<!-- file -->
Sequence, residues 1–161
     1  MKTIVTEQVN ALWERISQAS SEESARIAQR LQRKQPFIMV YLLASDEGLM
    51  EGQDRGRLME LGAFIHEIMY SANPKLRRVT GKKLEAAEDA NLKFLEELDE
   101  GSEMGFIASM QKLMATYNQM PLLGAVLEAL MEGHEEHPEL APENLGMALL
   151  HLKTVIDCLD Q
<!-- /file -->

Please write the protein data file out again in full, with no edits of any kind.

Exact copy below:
Sequence, residues 1–161
     1  MKTIVTEQVN ALWERISQAS SEESARIAQR LQRKQPFIMV YLLASDEGLM
    51  EGQDRGRLME LGAFIHEIMY SANPKLRRVT GKKLEAAEDA NLKFLEELDE
   101  GSEMGFIASM QKLMATYNQM PLLGAVLEAL MEGHEEHPEL APENLGMALL
   151  HLKTVIDCLD Q